On Monday, five new coronavirus-related deaths were reported in the state, with the total number of lives lost standing at 1,403. On Tuesday, the state reported 290 more cases, three more deaths and 113 hospitalizations, which are also are soaring as the Delta variant of the virus is hitting the population. Only 54 percent of the state’s population is fully vaccinated.
Asked by InDepthNH.org whether there might be a shift back to a hybrid meeting for the council, Sununu essentially said no. Instead, he used the new numbers as an argument for people to get vaccinated and said they should trust the vaccines, one of which — the Pfizer vaccine — has received final authorization for use from the Food and Drug Administration. The Pfizer vaccine formerly had only emergency authorization.
The Moderna and Johnson & Johnson vaccines are still under emergency authorization. Hybrid or remote Executive Council meetings are “not planned right now, because, if you are vaccinated, you can come to the meetings; the vaccine works,” Sununu said. “If we go back down that path again, where everything is remote, we are essentially telling people not to trust the vaccine. They should. It works and you should be able to trust it,” he added.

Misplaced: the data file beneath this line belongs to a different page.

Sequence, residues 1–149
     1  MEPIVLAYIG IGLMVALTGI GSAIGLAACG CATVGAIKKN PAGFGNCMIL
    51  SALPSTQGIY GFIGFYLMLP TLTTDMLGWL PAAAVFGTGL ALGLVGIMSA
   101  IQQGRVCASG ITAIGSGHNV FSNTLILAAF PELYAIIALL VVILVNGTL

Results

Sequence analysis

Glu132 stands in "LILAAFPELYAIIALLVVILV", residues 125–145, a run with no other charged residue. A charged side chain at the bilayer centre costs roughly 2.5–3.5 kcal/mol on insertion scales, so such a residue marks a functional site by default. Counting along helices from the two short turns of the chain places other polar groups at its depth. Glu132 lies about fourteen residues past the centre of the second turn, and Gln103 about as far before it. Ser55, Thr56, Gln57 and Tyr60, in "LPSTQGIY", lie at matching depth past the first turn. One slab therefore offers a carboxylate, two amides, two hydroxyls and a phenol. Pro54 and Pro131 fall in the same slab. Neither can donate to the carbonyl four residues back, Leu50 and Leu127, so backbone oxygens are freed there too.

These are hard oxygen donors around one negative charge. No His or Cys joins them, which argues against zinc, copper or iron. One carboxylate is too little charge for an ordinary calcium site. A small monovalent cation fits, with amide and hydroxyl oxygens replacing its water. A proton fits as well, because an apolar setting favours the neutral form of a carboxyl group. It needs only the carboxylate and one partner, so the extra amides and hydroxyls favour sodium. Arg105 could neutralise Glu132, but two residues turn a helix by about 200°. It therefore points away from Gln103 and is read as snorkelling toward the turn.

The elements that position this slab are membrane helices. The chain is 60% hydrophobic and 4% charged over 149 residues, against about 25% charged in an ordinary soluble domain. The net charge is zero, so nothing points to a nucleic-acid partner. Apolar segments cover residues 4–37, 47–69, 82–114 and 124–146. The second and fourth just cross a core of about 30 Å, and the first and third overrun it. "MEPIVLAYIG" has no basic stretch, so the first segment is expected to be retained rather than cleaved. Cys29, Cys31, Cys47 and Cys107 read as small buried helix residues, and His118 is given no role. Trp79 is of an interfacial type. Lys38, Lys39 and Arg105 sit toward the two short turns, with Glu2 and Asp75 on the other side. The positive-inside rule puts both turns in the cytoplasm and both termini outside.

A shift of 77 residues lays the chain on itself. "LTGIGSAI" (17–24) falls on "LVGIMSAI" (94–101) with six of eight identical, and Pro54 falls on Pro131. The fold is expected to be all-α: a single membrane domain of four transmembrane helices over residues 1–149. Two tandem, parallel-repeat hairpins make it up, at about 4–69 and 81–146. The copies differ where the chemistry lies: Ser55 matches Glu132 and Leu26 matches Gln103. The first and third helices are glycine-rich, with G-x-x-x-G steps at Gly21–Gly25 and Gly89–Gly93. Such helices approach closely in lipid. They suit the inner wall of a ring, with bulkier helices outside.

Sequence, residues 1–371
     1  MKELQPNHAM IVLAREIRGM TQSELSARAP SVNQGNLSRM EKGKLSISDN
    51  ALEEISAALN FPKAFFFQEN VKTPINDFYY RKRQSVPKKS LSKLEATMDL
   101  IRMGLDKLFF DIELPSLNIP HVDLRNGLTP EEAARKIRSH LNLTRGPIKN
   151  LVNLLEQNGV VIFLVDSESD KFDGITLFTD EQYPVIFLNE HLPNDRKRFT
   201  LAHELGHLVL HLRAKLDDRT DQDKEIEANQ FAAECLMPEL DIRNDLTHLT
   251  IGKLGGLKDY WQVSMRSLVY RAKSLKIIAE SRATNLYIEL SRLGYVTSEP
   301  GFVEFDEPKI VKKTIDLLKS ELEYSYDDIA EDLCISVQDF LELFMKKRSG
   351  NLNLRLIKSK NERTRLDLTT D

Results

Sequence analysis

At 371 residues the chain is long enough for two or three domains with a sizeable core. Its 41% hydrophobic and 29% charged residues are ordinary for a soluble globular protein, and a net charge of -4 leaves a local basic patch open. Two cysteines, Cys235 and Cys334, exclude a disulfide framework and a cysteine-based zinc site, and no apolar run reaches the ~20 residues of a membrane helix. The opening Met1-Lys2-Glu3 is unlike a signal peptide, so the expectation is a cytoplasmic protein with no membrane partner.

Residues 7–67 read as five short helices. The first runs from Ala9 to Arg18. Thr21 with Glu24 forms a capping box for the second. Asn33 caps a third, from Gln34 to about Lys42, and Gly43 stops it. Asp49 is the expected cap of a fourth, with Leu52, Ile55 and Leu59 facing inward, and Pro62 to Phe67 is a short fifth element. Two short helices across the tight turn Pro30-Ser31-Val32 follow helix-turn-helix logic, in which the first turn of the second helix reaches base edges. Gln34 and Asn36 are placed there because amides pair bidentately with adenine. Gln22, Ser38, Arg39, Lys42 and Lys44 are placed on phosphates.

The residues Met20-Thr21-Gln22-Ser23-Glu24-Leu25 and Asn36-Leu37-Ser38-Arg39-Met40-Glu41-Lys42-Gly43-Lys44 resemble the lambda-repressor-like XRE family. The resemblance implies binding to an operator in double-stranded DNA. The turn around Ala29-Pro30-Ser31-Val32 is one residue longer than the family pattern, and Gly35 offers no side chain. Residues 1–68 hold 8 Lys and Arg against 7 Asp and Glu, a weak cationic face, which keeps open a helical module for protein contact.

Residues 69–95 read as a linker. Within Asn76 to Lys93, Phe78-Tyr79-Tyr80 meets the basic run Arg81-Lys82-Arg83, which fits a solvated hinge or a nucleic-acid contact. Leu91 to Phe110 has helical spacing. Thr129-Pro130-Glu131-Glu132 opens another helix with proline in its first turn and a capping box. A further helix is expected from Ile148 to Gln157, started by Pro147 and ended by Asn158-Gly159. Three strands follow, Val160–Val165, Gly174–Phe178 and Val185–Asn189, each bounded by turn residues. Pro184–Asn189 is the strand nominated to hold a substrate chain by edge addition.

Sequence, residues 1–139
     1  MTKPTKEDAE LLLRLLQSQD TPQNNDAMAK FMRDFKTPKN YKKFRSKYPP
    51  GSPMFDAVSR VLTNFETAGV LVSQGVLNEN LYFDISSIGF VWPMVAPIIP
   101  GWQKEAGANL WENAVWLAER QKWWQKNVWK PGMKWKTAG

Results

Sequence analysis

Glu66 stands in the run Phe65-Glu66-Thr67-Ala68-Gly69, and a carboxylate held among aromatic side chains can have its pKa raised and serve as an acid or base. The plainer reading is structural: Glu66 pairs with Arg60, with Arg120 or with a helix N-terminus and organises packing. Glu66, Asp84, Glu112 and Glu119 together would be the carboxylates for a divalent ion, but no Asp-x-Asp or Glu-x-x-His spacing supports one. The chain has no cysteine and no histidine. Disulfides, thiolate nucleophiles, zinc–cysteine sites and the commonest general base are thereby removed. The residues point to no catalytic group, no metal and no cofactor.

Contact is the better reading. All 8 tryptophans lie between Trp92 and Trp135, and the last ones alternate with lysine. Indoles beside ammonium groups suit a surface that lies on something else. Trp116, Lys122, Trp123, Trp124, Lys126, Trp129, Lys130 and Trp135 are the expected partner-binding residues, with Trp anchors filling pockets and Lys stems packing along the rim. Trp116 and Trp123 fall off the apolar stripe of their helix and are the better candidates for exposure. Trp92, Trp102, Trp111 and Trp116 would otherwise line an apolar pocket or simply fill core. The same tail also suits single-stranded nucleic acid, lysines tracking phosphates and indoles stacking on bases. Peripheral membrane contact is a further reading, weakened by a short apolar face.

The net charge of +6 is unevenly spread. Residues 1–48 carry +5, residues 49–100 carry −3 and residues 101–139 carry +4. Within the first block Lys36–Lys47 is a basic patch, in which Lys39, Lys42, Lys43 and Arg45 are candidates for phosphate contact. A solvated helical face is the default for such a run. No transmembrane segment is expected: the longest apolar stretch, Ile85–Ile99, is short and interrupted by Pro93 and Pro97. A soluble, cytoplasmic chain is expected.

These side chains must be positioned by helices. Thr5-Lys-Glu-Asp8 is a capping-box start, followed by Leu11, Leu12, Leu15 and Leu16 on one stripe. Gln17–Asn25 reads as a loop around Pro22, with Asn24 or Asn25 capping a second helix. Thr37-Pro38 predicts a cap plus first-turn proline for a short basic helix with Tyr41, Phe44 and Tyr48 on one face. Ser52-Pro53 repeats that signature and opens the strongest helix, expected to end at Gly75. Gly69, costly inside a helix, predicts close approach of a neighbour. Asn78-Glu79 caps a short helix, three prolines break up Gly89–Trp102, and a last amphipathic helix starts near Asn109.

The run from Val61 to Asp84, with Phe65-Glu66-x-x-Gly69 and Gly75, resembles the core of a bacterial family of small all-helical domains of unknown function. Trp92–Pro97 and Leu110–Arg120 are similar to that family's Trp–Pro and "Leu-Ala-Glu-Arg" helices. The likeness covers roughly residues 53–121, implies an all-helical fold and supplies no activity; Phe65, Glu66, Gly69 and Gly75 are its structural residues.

Sununu said he understood that some people are making the choice not to get the vaccine, and that is their choice. “But we are really back to normal. We are going to be in these ebbs and flows” of COVID-19, maybe for years, he said.
Sununu noted he expects there will be challenges at the health care level and at schools that open soon for in-person learning.
“We know a big surge is likely to come,” he conceded, and cases may rise, but a time for remote Executive Council meetings is over.
The fact that the FDA has given final authorization for the use of the Pfizer vaccine should help to get more people vaccinated and could lead to more businesses requiring their employees to be vaccinated, Sununu said. He noted that schools have a variety of mitigation measures they can tap to ensure that children are healthy and able to continue in class, and he said individual districts should be allowed to act based on their own situations.
Meanwhile, Cushing said, “The conundrum they are putting people in is to not require vaccination or masks, but to require in-person attendance to participate. They cannot have it both ways and claim to protect public safety.
“Those who are immunocompromised or have at-risk family members should not be forced to risk contracting a deadly virus just to do their job as a state representative,” Cushing concluded.